Jeffrey Epstein, who is accused of multiple sex-trafficking charges in New York, allegedly paid $350,000 to silence potential witnesses, prosecutors said Friday.

Prosecutors say the payments were made in November 2018 after a story in the Miami Herald broke listing the details of a plea deal he struck with federal authorities to avoid charges.

“This course of action, and in particular its timing, suggests the defendant was attempting to further influence co-conspirators who might provide information against him in light of the recently re-emerging allegations,” the prosecutors wrote in court papers obtained by NBC News.

The papers stated that the reported payments were enough evidence to keep Epstein in jail until his trial in case he tries to influence other witnesses.

Court documents state that Epstein wired $100,000 to an associate two days after the Herald published the story, and then gave $250,000 to one of his supposed employees.

Neither of the recipients was named, but both recipients of the money were said to have co-conspired in the alleged sex crimes detailed in the Herald.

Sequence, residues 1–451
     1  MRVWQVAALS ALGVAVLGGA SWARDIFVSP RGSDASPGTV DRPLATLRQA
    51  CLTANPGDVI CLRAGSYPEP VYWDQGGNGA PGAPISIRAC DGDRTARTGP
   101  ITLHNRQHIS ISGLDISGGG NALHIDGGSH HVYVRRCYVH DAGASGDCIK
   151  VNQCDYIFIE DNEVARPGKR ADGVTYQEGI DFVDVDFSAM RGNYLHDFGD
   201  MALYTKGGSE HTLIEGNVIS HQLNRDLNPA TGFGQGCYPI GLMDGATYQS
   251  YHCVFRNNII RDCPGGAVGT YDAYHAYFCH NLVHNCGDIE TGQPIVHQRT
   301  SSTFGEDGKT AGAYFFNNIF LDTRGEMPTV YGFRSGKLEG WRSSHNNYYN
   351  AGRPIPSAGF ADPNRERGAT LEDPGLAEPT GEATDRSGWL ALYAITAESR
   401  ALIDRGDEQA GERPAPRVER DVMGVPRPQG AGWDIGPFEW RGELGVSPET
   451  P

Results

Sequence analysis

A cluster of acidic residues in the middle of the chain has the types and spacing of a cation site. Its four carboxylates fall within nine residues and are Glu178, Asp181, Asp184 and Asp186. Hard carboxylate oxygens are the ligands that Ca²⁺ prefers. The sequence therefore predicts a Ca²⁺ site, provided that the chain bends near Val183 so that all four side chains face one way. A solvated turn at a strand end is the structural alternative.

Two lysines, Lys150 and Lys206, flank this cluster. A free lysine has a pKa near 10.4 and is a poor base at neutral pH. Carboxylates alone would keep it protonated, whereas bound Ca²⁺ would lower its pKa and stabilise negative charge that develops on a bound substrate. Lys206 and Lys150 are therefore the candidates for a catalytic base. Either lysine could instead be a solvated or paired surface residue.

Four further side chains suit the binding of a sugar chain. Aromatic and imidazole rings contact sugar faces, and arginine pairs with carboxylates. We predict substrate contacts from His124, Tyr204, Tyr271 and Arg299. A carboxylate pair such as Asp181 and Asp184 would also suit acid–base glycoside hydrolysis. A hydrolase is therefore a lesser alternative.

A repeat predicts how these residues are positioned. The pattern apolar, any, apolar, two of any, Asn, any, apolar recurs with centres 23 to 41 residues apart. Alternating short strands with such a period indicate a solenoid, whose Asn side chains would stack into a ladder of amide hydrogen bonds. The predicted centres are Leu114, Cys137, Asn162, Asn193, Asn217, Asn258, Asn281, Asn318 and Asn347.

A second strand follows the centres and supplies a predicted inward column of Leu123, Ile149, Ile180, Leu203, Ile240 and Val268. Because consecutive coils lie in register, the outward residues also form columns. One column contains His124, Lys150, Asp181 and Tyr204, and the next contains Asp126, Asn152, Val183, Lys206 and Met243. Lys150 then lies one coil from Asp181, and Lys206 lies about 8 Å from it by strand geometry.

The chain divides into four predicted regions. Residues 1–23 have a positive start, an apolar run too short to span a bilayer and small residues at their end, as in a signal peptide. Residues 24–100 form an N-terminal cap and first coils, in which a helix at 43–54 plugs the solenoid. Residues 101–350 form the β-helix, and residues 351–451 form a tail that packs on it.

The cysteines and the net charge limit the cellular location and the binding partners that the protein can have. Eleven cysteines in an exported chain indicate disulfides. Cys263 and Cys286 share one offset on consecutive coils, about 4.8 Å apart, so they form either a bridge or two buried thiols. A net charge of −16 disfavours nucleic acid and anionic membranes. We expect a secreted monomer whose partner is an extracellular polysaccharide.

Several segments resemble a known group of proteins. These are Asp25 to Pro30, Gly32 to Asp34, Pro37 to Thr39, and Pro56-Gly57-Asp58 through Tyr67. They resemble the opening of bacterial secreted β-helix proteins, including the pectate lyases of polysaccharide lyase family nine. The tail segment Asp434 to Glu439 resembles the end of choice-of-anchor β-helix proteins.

The prosecutors cited a police report from Palm Beach County, Florida, stating that one of Epstein’s associates tracked down one of his alleged victims when she was home from college to tell her Epstein would pay her to be quiet, the New York Post reported.

Another Palm Beach police report stated that one of Epstein’s victims told authorities he hired private investigators to stalk and intimidate her family.

The U.S. Attorney’s Office charged Epstein on Monday with multiple sex trafficking charges, and he faces a maximum of 45 years in prison if convicted. Epstein has pleaded not guilty to the charges.

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